BAFTA nominations are in and there are some brilliant films that have been given the recognition they deserve. Gravity, 12 Years a Slave and American Hustle are in the double figures, nominations wise, with Captain Phillips just behind with 9. All 5 star films (in my opinion) but what about the films that were overlooked? What’s going to happen to them? Nothing probably but I thought I’d give them a little nod and a wink to show that I love them, even if BAFTA don’t. Instead of completely rewriting the list of nominees (because I don’t entirely disagree with BAFTA), I’m tagging one to take out and putting another in to replace it for Best Film, Best Actor and Best Actress.
Best Film nominees –
I’m taking out Philomena and putting Filth in. Philomena was a fantastic film. Steve Coogan’s turn as journalist Martin Sixsmith was quite eye-opening as he proved that he could do subtle, straight, engaging acting that didn’t dip into the ridiculous and even made audiences relate to him. My issue was that Judi Dench’s character, the eponymous Philomena who is searching for the child she was forced to give up, was too hammed up, too much of a stereotype, although hers and Martin’s relationship was a wonder to behold. It’s also the third in the category of best film which is based on a true story, alongside Captain Phillips and 12 Years a Slave. What I loved about Filth was the way it took uniqueness and originality and beat you around the head with it. There’s almost nothing to compare it to and that’s down to the brilliantly messed up mind of author Irvine Welsh and the gleeful James McAvoy who throws himself wholly into the role of screwed up cop Bruce Robertson. So I’m sure you can guess who I’m going to nominate for Best Actor…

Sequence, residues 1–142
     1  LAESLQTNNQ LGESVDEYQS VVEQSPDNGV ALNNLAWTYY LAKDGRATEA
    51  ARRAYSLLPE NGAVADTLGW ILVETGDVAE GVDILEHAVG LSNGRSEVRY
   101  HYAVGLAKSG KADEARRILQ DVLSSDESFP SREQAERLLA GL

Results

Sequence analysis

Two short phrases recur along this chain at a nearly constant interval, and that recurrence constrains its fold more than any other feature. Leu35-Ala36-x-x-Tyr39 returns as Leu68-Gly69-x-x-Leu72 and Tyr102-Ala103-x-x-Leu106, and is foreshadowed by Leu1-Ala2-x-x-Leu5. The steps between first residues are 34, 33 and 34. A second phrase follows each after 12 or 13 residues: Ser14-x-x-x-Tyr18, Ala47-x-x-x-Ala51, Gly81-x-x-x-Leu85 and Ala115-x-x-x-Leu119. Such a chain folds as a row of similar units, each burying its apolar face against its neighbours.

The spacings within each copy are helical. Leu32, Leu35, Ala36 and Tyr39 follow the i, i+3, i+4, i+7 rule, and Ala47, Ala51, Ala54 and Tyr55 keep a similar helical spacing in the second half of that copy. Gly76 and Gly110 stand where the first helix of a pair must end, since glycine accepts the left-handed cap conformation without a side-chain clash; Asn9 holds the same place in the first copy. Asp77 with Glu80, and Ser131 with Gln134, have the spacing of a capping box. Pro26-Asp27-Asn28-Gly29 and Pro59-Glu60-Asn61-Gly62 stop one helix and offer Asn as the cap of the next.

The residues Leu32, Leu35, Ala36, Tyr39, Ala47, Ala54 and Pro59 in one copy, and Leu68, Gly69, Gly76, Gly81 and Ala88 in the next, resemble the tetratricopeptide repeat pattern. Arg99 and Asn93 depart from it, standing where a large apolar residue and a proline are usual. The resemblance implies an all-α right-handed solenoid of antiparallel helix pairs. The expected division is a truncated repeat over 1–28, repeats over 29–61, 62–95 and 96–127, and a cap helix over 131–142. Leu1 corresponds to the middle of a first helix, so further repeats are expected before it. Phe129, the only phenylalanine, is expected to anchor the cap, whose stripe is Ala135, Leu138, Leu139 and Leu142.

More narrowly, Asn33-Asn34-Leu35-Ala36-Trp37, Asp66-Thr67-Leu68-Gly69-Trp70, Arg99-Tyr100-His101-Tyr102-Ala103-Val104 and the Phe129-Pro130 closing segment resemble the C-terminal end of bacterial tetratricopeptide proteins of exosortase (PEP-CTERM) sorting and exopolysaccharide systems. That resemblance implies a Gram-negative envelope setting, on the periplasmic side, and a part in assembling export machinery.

Best Actor nominees –
Bruce Dern is out, McAvoy is IN. Bruce Dern gave a great performance in Nebraska, he plays an old man plagued with a dementia of sorts, hell bent on getting to Nebraska because he thinks he’s won some money. He’s very convincing, it’s a tragicomedy which is subtle and uplifting in parts but boundaries aren’t pushed in quite the same way. McAvoy left me with an enormous smile on my face (and I don’t just mean after my interview) and tears in my eyes at the same time. I left the screening talking about him and the extremity of his character and it was a performance that I’ve revisited loads of times in my head since seeing Filth. I haven’t done the same with Bruce Dern.
Best Actress nominees –
Amy Adams (American Hustle)
Sandra Bullock (Gravity)
Judi Dench (Philomena)
Emma Thompson (Saving Mr Banks)
It goes without saying that Sandra Bullock deserves a place in this category, absolutely, definitely yes. Cate Blanchett was fabulous as the uptight, neurotic Jasmine in Woody Allen’s latest and Emma Thompson’s brittle, rude and very English PL Travers in Saving Mr Banks was wonderful. I’ve never hugely taken to Amy Adams for some reason and I think she is completely outshone by Jennifer Lawrence in American Hustle, so for that reason, she is out of my BAFTA for Best Actress running and Naomie Harris is IN. Why on EARTH wasn’t she nominated in the first place? This is the biggest travesty of all. Her performance as Winnie Mandela in Mandela: Long Walk to Freedom was sensational, she toyed with your emotions, she ripped tears from you and you gaped at her dignity. She also acted Idris Elba off the screen.
Any other suggestions? Tweet me @BBCR1Rhianna